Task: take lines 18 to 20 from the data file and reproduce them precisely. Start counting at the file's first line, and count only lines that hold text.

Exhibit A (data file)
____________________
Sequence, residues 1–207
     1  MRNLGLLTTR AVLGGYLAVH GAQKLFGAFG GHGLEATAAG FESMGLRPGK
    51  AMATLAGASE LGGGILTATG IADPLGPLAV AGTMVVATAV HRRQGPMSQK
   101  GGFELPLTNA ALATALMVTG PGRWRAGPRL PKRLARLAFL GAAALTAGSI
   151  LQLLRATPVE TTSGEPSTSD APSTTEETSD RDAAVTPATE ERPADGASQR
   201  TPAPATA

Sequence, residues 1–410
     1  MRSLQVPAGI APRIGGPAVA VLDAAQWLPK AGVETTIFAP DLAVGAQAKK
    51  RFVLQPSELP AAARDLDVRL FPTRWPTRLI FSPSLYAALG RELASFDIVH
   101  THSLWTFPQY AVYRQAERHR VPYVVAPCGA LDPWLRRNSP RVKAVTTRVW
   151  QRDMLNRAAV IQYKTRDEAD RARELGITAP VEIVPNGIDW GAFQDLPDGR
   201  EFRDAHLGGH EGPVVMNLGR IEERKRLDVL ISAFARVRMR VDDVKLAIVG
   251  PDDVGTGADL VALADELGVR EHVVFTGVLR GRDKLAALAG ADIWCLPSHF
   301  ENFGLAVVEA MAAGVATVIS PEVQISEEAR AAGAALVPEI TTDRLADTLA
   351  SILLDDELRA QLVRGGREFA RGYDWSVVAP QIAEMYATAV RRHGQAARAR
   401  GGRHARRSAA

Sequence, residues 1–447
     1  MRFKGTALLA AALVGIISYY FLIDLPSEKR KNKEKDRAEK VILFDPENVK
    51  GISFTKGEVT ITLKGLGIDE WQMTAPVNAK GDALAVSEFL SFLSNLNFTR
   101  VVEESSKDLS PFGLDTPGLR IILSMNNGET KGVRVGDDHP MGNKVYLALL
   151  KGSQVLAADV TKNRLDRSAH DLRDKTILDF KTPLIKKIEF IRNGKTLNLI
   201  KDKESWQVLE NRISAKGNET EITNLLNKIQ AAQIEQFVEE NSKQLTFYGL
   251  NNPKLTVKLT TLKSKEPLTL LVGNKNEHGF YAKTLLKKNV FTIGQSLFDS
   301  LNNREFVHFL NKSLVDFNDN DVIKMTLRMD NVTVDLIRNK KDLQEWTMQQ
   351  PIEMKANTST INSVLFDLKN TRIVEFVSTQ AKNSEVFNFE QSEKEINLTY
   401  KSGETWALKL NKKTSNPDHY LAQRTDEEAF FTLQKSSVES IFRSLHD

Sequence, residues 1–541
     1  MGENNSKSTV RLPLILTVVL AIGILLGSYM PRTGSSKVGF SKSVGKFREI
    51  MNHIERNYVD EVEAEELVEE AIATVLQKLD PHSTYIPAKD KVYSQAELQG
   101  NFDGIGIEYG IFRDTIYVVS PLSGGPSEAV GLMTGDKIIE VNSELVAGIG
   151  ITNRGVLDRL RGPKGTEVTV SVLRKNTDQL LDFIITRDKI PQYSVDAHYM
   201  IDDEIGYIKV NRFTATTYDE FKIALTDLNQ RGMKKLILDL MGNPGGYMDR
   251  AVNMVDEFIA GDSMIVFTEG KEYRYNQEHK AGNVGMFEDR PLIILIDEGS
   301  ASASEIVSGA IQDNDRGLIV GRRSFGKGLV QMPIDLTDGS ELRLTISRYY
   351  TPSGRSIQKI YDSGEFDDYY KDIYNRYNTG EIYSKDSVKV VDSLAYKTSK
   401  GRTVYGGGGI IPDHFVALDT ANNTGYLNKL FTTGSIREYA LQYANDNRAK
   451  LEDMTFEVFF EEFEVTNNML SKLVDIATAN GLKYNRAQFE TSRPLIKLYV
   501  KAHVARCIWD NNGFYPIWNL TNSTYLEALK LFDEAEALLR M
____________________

     1  MRFKGTALLA AALVGIISYY FLIDLPSEKR KNKEKDRAEK VILFDPENVK
    51  GISFTKGEVT ITLKGLGIDE WQMTAPVNAK GDALAVSEFL SFLSNLNFTR
   101  VVEESSKDLS PFGLDTPGLR IILSMNNGET KGVRVGDDHP MGNKVYLALL